Voluntary Strike-Off is one way in which you may formally wind up a company.

An Irish company that ceases to trade or never traded and has no outstanding creditors can request the Registrar of Companies to strike-off a company from the Register of Companies. Section 733 of the Companies Act 2014 gives the Registrar power to strike companies off the register.

A summary of the requirements is outlined below:

To proceed with a Voluntary Strike-Off application, the director(s) of a company need to ensure that the assets of the company are not greater than €150. Liabilities must also not be greater than €150. Also, all tax filings must be up to date with Revenue.

There are two statutory forms that must be completed and submitted to the Companies Registration Office, the G1-H15 and the H15. The form H15 must be signed by all the directors confirming that the company has ceased to carry on business and that there are no assets or liabilities more than the above-mentioned thresholds remaining. The Form G1-H15 must be signed by a director or secretary of the company.

A Letter of No Objection from Revenue and an advertisement from a daily newspaper must accompany the statutory forms when being submitted to the Companies Registration Office. Once the application is registered by the Companies Registration Office, the company will become ‘Strike-Off Listed’. Approximately 3 months thereafter becoming Strike-Off Listed the company will be dissolved.

For further assistance with the Voluntary Strike-Off process, please contact David Morris, Senior Consultant in our Corporate Compliance Department.

The Companies Act 2014 for the first time has set out the principal fiduciary duties of a company director. Fiduciary duties are in addition to other statutory duties under the Companies Act 2014 and other legislation. The principal fiduciary duties of a company director are owed to the company, and the company alone.

The principal fiduciary duties of a company director are to:

  • Act in good faith in what the director considers to be the interest of the company.
  • Act honestly and responsibly in relation to the conduct of the affairs of the company.
  • Act in accordance with the company’s constitution and exercise his or her powers only for the purposes allowed by law.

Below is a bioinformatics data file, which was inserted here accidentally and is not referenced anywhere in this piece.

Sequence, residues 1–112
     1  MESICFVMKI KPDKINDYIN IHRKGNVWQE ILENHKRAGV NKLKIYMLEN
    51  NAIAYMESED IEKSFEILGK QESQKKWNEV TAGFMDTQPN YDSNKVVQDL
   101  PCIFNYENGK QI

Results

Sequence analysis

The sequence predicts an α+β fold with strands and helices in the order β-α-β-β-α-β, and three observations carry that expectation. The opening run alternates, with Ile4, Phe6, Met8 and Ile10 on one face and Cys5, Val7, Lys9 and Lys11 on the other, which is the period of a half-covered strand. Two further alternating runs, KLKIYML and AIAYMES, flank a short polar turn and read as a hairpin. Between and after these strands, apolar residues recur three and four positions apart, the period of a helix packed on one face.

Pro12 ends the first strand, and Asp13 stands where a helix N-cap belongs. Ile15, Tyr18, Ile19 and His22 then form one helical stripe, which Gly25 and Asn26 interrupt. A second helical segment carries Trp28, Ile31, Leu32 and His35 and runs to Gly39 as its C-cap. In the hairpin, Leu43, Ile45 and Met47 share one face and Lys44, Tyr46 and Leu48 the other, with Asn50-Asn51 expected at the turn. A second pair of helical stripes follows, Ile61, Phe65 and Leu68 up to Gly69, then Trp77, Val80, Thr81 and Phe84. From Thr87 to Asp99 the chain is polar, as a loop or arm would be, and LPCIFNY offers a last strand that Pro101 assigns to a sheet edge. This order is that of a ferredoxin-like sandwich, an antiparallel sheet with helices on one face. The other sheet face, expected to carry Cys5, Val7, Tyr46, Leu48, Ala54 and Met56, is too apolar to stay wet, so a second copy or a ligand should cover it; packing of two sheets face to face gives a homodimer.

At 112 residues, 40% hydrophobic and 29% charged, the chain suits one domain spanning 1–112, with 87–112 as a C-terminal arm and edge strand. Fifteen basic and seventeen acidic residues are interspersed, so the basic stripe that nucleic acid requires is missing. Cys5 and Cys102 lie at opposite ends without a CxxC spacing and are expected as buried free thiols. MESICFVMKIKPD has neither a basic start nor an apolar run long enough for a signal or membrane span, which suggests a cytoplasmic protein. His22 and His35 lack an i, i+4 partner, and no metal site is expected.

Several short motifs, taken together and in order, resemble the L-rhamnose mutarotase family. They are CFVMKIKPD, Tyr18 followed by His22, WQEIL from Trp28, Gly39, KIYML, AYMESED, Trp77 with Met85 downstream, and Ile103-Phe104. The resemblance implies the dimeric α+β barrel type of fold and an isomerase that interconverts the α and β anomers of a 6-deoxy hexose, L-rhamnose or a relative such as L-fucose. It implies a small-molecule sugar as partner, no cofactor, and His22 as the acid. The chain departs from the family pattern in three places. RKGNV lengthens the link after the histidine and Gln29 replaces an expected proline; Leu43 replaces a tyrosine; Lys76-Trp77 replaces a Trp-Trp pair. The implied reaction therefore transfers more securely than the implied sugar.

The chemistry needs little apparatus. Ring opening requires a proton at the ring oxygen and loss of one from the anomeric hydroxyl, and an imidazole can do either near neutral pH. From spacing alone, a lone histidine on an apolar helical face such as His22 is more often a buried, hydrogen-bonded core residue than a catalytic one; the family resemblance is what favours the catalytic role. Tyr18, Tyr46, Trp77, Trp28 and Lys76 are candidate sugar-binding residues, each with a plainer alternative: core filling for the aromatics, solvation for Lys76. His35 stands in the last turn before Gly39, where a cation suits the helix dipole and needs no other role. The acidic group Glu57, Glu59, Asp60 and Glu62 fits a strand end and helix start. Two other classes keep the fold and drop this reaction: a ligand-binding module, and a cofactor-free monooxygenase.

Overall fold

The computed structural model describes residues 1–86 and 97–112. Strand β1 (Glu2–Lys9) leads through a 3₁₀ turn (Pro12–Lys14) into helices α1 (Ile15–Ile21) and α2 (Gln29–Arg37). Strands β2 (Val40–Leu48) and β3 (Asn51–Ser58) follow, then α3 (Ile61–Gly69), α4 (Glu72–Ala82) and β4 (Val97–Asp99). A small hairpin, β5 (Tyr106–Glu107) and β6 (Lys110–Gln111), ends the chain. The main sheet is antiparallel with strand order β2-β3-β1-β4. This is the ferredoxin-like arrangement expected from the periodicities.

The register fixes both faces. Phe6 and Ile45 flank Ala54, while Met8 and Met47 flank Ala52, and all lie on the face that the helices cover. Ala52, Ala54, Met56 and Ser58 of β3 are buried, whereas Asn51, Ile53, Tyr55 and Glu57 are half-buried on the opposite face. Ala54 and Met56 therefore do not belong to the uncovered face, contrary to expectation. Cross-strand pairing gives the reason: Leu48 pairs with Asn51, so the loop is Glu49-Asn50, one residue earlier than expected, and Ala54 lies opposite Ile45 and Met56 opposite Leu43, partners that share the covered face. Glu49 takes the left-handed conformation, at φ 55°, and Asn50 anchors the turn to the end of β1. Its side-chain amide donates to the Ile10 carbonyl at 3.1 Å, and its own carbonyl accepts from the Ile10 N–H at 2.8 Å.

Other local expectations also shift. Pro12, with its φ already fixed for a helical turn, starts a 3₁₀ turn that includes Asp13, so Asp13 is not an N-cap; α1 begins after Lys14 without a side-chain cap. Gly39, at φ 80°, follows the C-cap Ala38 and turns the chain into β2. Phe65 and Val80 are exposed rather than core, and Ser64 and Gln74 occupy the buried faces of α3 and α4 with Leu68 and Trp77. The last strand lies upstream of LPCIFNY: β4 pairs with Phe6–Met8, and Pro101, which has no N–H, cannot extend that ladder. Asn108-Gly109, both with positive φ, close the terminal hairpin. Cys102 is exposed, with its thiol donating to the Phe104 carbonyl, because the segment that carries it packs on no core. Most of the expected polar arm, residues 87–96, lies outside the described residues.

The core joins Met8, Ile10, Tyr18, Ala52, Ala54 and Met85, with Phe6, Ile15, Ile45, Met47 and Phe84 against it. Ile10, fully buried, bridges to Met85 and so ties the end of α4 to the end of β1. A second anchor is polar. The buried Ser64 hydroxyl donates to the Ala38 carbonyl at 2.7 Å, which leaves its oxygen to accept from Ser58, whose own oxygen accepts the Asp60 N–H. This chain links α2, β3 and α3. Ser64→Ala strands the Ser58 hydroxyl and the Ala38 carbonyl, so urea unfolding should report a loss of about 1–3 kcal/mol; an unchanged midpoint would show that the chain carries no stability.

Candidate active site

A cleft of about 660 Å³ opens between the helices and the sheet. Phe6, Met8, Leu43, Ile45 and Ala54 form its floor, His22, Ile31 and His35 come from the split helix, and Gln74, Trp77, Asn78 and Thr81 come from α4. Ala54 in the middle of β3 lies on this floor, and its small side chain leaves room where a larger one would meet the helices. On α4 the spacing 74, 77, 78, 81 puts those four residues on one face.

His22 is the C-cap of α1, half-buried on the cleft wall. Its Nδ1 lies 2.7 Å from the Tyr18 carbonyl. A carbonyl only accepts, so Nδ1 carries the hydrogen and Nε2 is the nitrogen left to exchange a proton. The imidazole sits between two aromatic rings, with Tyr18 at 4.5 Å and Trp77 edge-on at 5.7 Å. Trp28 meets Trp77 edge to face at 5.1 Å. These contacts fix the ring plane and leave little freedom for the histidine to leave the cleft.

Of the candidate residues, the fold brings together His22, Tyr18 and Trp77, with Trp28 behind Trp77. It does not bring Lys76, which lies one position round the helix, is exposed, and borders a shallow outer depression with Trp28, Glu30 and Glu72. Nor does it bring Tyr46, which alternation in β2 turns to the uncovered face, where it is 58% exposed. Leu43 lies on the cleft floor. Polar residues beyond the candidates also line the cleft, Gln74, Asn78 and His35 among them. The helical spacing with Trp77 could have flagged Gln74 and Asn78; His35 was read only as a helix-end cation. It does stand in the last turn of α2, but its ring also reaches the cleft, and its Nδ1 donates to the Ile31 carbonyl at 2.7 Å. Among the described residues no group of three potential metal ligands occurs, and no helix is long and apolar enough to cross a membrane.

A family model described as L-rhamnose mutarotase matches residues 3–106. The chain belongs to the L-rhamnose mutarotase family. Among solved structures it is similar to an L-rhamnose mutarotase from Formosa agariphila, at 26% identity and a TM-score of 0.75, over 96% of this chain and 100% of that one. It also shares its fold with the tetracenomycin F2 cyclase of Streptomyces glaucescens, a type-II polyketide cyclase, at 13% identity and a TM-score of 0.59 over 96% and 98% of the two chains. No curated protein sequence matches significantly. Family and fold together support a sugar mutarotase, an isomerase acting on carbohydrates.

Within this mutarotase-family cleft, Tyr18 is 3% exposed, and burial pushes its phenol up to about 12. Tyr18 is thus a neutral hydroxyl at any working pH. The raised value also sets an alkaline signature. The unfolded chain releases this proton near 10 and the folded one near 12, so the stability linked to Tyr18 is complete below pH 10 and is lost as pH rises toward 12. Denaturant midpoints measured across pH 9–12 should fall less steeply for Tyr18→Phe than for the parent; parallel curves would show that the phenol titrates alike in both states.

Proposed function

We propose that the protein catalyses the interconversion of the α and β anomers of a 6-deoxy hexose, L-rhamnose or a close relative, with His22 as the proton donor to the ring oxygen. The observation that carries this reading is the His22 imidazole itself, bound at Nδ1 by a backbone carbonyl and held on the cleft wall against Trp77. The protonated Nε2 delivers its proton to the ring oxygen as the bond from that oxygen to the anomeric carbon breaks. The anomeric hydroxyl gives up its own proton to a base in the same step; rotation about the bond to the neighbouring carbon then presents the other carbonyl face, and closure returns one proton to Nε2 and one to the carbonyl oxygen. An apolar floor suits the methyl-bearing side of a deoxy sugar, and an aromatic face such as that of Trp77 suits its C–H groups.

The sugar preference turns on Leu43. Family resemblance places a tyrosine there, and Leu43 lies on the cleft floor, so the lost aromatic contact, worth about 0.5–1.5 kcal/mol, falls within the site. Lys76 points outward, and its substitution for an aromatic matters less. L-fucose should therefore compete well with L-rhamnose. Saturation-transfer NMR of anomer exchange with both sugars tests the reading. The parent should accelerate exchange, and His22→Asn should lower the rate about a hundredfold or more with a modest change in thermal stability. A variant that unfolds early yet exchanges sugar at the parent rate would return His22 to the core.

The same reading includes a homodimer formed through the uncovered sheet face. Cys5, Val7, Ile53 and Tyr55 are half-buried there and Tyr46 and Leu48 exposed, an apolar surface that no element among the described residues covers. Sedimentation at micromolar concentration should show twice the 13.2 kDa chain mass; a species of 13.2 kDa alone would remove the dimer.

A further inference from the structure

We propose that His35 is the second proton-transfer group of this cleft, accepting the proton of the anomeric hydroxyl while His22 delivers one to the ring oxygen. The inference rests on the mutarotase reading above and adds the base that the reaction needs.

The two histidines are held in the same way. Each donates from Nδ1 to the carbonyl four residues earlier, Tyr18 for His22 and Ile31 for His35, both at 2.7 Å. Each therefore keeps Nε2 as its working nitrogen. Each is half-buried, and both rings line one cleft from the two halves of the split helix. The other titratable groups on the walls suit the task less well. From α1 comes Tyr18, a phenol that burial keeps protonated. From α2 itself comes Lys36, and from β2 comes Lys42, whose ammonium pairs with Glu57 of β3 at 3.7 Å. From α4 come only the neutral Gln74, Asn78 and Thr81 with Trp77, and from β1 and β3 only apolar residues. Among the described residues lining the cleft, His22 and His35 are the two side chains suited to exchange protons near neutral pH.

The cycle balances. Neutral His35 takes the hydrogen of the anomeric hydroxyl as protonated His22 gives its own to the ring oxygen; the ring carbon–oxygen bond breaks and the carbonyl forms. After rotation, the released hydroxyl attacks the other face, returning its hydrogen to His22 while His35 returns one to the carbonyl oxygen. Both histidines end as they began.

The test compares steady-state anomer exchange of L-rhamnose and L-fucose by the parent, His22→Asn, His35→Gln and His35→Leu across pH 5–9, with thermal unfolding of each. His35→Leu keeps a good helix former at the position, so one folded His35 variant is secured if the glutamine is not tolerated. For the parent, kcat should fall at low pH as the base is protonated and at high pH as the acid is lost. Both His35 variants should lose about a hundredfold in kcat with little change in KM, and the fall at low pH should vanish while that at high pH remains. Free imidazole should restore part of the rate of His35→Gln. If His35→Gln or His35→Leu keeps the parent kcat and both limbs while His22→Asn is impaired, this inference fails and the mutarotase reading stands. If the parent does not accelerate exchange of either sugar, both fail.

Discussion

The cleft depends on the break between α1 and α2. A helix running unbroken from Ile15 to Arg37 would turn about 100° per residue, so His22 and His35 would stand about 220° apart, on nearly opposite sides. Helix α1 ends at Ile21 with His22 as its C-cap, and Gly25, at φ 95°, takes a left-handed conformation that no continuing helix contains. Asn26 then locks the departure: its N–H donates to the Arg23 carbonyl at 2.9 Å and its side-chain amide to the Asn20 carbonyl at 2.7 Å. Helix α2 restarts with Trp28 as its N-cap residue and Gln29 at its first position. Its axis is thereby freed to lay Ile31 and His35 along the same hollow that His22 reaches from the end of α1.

• Not benefit from or use the company’s property, information or opportunities for his or her own or anyone else’s benefit unless the company’s constitution permits it or a resolution is passed in a general meeting.
  • Not agree to restrict the director’s power to exercise an independent judgment unless this is expressly permitted by the company’s constitution.
  • Avoid any conflict between the director’s duties to the company and the director’s other interests unless the director is released from his or her duty to the company in relation to the matter concerned.
  • Exercise the care, skill and diligence which would be reasonably expected of a person in the same position with similar knowledge and experience as a director. A director may be held liable for any loss resulting from their negligent behaviour.

For further information on the impact of fiduciary duties on your company’s board of directors please contact David Morris, Senior Consultant in our Corporate Compliance Department.

Choosing an appropriate location for a company’s registered office arises under the Companies Act 2014. It is the duty of each director and secretary of a company to ensure the requirements for a Company’s registered office are complied with.

The location of a Company’s registered office is disclosed publicly on the Companies Registration Office website.

A Company’s registered office address must be an actual physical location within the State. A post office box number is not sufficient.

Company statutory registers must be kept at a Company’s registered office and members of the public can inspect registers at that location. Documents may be delivered by hand to the registered office.

A Company’s registered office address is the address to which all legal notices, including correspondence from the Companies Registration Office and at times the Revenue Commissioners, may be sent.

Any document will be validly served on a company by leaving it at, or sending it by post to the Company’s registered office.

Crowleys DFK corporate compliance team have been providing a professional registered office facility for a number of years through offices located in Cork and Dublin.

For further information on our registered office service, please contact:

 

David Morris
Company Secretarial Consultant
david.morris@crowleysdfk.ie